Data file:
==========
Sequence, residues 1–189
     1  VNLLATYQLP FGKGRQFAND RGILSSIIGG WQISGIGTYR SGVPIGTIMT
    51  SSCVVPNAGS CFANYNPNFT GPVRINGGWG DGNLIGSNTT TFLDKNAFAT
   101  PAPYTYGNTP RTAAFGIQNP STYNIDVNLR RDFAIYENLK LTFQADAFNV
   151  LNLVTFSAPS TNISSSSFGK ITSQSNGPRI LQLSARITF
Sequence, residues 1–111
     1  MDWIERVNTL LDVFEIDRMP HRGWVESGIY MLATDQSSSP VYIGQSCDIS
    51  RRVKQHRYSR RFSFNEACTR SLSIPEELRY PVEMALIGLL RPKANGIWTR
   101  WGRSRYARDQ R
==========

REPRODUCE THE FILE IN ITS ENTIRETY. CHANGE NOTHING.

Sequence, residues 1–189
     1  VNLLATYQLP FGKGRQFAND RGILSSIIGG WQISGIGTYR SGVPIGTIMT
    51  SSCVVPNAGS CFANYNPNFT GPVRINGGWG DGNLIGSNTT TFLDKNAFAT
   101  PAPYTYGNTP RTAAFGIQNP STYNIDVNLR RDFAIYENLK LTFQADAFNV
   151  LNLVTFSAPS TNISSSSFGK ITSQSNGPRI LQLSARITF
Sequence, residues 1–111
     1  MDWIERVNTL LDVFEIDRMP HRGWVESGIY MLATDQSSSP VYIGQSCDIS
    51  RRVKQHRYSR RFSFNEACTR SLSIPEELRY PVEMALIGLL RPKANGIWTR
   101  WGRSRYARDQ R